What’s The Difference Between A Ketogenic Diet And A Paleo Diet?
If you’re health conscious, you’ve probably heard of the paleo diet. The diet has its roots in the Paleolithic era, which stretched from about 2.5 million to 12,000 years ago. The paleo diet exploded into the mainstream in 2011, and it’s been the fastest growing diet trend since, with strong ties in the CrossFit community. Paleo should not be confused with the ketogenic diet, a very low-carbohydrate diet developed in the 1920s to curb childhood epilepsy. Recently keto, as the ketogenic diet is often called, has gained more widespread popularity as a way to lose weight quickly, reverse serious health problems, and boost energy levels. The keto diet has a number of celebrity followers including Kim Kardashian and LeBron James, while Tim McGraw and Jessica Biel are advocates of Paleo. Paleo and keto have some key similarities, but they’re also different. Keep reading to learn what makes paleo and keto unique, and to discover the pros and cons of trying either. The Paleolithic Diet Modern people eat radically differently than our hunting-and-gathering ancestors did 12,000 years ago when all calories likely came from wild game, nuts, berries, and vegetation. Processed foods—such as bread, snacks, cereal, and soda—make up 67% of the average American’s calories. On average, 15% of modern Americans’ daily calories come from refined sugar, which contains no nutrients. While most Paleolithic hunters and gatherers probably ate a large shopping bag full of highly nutritious wild greens every day, modern Americans eat few fruits and vegetables and almost no wild foods. Our meat is much higher in saturated fat than wild game because farmers fatten livestock with grain and corn. Today, most Americans eat large amounts of highly processed soybean and corn oils, which ar Continue reading >>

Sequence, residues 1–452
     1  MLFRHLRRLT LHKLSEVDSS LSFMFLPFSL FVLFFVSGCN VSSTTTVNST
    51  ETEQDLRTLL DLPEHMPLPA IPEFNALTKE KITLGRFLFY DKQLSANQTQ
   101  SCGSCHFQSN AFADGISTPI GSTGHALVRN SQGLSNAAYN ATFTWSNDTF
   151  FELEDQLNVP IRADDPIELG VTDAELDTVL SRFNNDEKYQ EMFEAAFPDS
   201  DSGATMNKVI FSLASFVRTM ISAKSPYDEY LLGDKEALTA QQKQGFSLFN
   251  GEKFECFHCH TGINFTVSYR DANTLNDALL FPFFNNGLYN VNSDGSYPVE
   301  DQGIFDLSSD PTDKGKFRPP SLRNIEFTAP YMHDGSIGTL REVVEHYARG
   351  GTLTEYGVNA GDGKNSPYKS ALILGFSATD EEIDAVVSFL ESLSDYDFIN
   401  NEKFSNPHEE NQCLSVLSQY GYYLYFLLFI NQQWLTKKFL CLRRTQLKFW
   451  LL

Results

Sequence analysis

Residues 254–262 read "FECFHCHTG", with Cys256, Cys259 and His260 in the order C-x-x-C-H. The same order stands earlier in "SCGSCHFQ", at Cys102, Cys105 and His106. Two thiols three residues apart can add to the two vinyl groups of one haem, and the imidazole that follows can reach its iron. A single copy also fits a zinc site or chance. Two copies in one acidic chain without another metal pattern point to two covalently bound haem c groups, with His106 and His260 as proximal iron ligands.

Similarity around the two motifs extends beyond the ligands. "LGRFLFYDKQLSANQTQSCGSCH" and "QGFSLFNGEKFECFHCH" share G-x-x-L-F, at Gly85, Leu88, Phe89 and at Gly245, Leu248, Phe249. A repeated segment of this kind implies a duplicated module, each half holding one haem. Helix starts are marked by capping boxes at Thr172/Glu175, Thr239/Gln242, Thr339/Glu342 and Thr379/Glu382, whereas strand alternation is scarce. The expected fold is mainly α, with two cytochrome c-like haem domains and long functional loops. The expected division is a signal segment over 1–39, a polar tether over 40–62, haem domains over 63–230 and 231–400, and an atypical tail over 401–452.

Paleo Vs Keto Diet: Which One Is Right For You?